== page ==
We are often asked if there is a ‘best time’ to leave the Armed Forces. The answer is ‘yes’, and in this article we set out the key pension-related factors to consider – they are not the only ones, as your own personal circumstances may override them. First, it is important to know what is payable when so that you don’t miss out.
Officers who give 16 years’ Reckonable Service (RS) from age 21 qualify for an Immediate Pension (IP.) Those who leave before having given 9 or more years’ RS qualify for the tax-free Resettlement Grant (RG) currently worth £17,219.
Other Ranks who give 22 years’ RS from age 18 qualify an IP. If they leave before IP but having given 12 or more years’ RS, they qualify for the tax-free RG currently worth £11,769.
Personnel who leave before IP will receive a preserved pension (PP) to be claimed at age 60 for pensions earned up to and including 5 April 2006, and age 65 service after 5 April 2006. The part payable at age 65 can be claimed from age 60 with actuarial reduction (so, at a reduced rate).
Those who serve to age 55 receive a pension straightaway. Those who leave before age 55, and have given at least 18 years’ service and are at least age 40 qualify for Early Departure Payment (EDP) 05 benefits. Those who leave with more than 2 years RS but before age 55 also receive a PP payable at age 65, at which point the EDP income stops.
Those serving to age 60 are entitled to their pension straight away. Those who leave Regular service before age 60 having given at least 20 years’ service and are at least age 40 qualify for AFPS 15 EDP benefits. All personnel who leave before age 60 with at least 2 years’ RS qualify for a deferred pension (DP) payable at their State Pension Age, at which point the EDP income stops.
AFPS 05 and AFPS 15
PPs/DPs may be claimed from age 55 with actuarial reduction and doing so will not affect any EDP benefits in payment. Regulars leaving with more than 12 years’ service but before qualifying for EDP are entitled to a tax-free RG currently worth £12,088 unless they are leaving with an ill health pension.
What is there to consider?
AFPS 75 pensions are calculated on the basis of rank for pension, length of RS and the Pension Code in force when the member leaves. The Pension Code is revised each time there is a pay rise so it might be worth delaying your discharge until after 1 April. Let’s say, for example, the 2024 pay rise is 4%, someone leaving on 1 April 2024 would get a pension 4% higher than someone who left on 31 March 2024. What a difference a day can make!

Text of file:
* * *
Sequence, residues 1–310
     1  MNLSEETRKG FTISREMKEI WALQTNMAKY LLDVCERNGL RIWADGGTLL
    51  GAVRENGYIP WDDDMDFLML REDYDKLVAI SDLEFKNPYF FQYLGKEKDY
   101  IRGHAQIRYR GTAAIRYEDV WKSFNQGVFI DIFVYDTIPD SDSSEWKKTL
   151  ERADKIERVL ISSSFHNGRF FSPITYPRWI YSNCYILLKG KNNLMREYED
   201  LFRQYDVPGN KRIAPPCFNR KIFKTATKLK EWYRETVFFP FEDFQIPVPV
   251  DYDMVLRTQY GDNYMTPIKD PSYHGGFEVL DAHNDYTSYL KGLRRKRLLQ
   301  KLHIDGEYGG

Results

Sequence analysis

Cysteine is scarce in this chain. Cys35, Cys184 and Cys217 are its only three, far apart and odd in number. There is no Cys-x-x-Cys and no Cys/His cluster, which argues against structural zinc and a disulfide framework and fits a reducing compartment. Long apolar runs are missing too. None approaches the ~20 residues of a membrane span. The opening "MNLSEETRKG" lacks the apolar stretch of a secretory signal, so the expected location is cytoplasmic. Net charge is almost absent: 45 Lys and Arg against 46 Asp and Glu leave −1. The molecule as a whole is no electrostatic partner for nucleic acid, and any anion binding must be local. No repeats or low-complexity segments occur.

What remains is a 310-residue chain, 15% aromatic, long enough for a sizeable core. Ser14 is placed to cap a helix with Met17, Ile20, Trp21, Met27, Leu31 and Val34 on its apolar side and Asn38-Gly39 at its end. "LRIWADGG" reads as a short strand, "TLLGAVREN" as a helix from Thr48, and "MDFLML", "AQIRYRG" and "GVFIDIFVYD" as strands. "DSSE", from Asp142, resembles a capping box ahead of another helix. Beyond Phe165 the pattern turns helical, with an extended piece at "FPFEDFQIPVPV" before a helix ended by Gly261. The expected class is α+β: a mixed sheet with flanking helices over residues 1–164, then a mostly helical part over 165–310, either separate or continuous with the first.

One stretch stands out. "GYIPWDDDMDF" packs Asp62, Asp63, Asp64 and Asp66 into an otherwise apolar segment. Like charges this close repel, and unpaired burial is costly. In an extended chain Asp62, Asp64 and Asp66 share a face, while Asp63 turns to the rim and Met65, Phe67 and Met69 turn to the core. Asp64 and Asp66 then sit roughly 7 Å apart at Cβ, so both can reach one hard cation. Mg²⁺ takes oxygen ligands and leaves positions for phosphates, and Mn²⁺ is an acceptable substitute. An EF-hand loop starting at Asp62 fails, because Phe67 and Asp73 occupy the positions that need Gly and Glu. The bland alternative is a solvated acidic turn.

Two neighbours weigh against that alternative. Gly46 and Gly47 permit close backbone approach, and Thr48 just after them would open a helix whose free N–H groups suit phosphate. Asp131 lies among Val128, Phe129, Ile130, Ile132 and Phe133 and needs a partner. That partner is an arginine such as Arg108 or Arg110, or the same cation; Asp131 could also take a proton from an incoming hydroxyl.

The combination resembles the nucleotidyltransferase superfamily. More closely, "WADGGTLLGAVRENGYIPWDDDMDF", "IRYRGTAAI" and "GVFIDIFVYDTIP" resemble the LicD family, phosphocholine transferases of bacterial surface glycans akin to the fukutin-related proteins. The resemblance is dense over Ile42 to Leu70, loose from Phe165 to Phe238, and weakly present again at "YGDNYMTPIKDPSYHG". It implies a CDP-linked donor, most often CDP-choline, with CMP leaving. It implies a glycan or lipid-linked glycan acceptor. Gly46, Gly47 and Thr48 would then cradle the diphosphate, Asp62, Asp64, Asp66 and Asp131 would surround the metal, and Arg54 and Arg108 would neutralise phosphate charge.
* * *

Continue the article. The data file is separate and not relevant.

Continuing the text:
For AFPS 05 members who are approaching age 55, there is the question of whether to leave with a pension straightaway or leaving a little earlier and receiving EDP benefits for 10 years, followed by the AFPS 05 PP at age 65. Why might you want to consider this? Well, if you leave with an EDP you receive a lower taxable annual income for 10 years BUT you will get two tax-free lump sums each worth three times the pension you have earned – one on discharge and the other when you draw the pension. This is particularly advantageous to members with Pension Sharing Orders (PSOs) as, whilst the pension itself is calculated taking the PSO into account, the EDP is calculated as if no PSO existed …. and, no, it does not affect the “ex’s” entitlement!
Next, you need to think about Pension Increases (PIs). Armed Forces pensions, once awarded, are adjusted in April each year by CPI and this constitutes the PI. The first PI is paid on a sliding scale depending upon when in the year (which runs from 1 April – 31 March) you leave. The earlier you leave in that period the more of the increase you will receive in the following April. Put very simply, those leaving in the first few weeks of April will get the full PI the following April, those leaving in October will receive about half of the PI the following April and those who leave in the last couple of weeks of March will get no increase in the following April. The full increase is paid in subsequent years. This applies whether the pension is paid immediately or not. The proportion of the first PI you receive can make a big difference to your cumulative pension if CPI is high in the year you retire.
Finally, those of you who were in service on 31 March 2012 and still in service on 1 April 2015 will, in due course, have a decision to make about whether you want to count your service between 1 April 2015 and 31 March 2022 in AFPS 15 or your legacy (old) scheme. You will be sent a Remediable Service Statement by Veterans UK detailing your election choices to help you decide. You will need to consider the figures carefully, and take account of the features relating to each scheme that may suit your personal circumstances. For example, AFPS 15 provides pensions to unmarried partners and allows nomination, which AFPS 75 does not.
*Figures correct at time of writing